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Windsor: Amicus Brief of American Bar Association

Windsor: Amicus Brief of American Bar Association

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Published by Equality Case Files
United States v. Windsor: Amicus brief of American Bar Association in support of Plaintiff
United States v. Windsor: Amicus brief of American Bar Association in support of Plaintiff

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Published by: Equality Case Files on Mar 01, 2013
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03/04/2013

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The American Bar Association (“ABA”) as
amicus curiae respectfully submits this brief in
support of Respondent Edith Schlain Windsor. The
ABA urges that Section 3 of the Defense of Marriage
Act (“Section 3”) imposes an unprecedented and
discriminatory burden on a discrete minority of
couples legally married under state law in
contravention of the constitutional guarantee of
equal protection.

The ABA is the largest voluntary professional
membership organization and the leading association
of legal professionals in the United States. Its
membership comprises nearly 400,000 attorneys in
all 50 states, the District of Columbia, and the U.S.
Territories and includes attorneys in private firms,
corporations,

non-profit

organizations,

and
government agencies. Membership also includes
judges,2 legislators, law professors, law students, and
non-lawyer associates in related fields.

1 Pursuant to Supreme Court Rule 37.6, counsel for amicus
certifies that no counsel for a party authored this brief in whole
or in part, and no person other than amicus, its members, or its
counsel made a monetary contribution intended to fund the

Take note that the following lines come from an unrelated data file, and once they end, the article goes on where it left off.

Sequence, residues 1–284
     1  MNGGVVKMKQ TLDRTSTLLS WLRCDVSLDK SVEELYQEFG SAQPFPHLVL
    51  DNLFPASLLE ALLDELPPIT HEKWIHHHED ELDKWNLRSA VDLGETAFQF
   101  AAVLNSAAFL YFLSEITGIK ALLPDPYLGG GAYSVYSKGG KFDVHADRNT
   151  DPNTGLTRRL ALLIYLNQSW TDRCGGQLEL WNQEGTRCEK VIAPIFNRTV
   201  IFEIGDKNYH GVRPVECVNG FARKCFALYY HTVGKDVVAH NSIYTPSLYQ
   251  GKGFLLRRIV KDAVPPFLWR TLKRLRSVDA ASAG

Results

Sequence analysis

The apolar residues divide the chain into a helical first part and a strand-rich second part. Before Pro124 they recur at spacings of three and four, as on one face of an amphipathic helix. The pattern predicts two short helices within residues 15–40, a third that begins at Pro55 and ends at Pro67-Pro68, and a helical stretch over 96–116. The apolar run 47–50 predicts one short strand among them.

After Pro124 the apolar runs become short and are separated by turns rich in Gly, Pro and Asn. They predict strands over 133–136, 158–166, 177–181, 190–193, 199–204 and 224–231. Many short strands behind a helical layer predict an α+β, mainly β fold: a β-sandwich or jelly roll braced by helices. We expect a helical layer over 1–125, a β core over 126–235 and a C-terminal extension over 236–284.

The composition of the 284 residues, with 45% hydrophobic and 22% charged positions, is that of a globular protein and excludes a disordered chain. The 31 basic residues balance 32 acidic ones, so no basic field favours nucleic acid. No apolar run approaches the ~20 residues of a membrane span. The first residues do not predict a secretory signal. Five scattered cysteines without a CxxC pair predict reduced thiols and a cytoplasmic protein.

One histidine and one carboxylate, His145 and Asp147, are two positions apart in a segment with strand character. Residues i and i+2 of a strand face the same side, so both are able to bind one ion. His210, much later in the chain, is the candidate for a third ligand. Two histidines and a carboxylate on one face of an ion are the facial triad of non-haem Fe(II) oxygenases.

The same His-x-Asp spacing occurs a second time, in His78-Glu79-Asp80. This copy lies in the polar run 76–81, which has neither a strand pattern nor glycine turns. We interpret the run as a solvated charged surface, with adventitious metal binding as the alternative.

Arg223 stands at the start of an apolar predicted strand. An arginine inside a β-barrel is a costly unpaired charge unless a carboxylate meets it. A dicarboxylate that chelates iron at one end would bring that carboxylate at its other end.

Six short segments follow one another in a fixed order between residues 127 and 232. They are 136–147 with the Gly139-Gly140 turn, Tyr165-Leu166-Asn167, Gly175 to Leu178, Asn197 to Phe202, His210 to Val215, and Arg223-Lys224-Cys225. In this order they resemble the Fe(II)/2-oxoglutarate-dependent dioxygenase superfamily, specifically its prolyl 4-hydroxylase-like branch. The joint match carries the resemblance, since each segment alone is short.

preparation or submission of this brief. Letters from all parties
consenting to the filing of this brief are on file with the Clerk of
the Court.

2 Neither this brief nor the decision to file it should be
interpreted to reflect the views of any judicial member of the
ABA. No inference should be drawn that any member of the
Judicial Division Council participated in the adoption or
endorsement of the positions in this brief. This brief was not

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Since its founding in 1878, the ABA has taken
special responsibility for protecting the rights
guaranteed by the Constitution, including the
elimination of bias and discrimination. Over the
past 40 years, the ABA has repeatedly advocated for
the elimination of discrimination against gay and
lesbian people. In 1973, the ABA adopted a policy
urging the repeal of laws that criminalized private
sexual relations between consenting gay and lesbian
adults.3 Since that time, the ABA has adopted
numerous policies that recognize and support the
rights of gays and lesbians: in 1987, in response to
bias-motivated crimes; in 1989, advocating the
elimination of discrimination against gays and
lesbians in employment, housing, and public
accommodations; in 1991, against bias in the judicial
system; and in 1992, against discrimination on
university campuses.

In addition, the ABA has adopted positions
supporting equal treatment of gay and lesbian
families, including a 1995 policy advocating equal
treatment in child-custody matters and visitation
rights and a 1999 policy calling for the repeal of laws

circulated to any member of the Judicial Division Council prior
to filing.

3 Only recommendations that are adopted by the ABA’s
House of Delegates (“HOD”) become ABA policy. The HOD is
comprised of more than 560 delegates representing states and
territories, state and local bar associations, affiliated
organizations, sections and divisions, ABA members, and the
Attorney General of the United States, among others. See ABA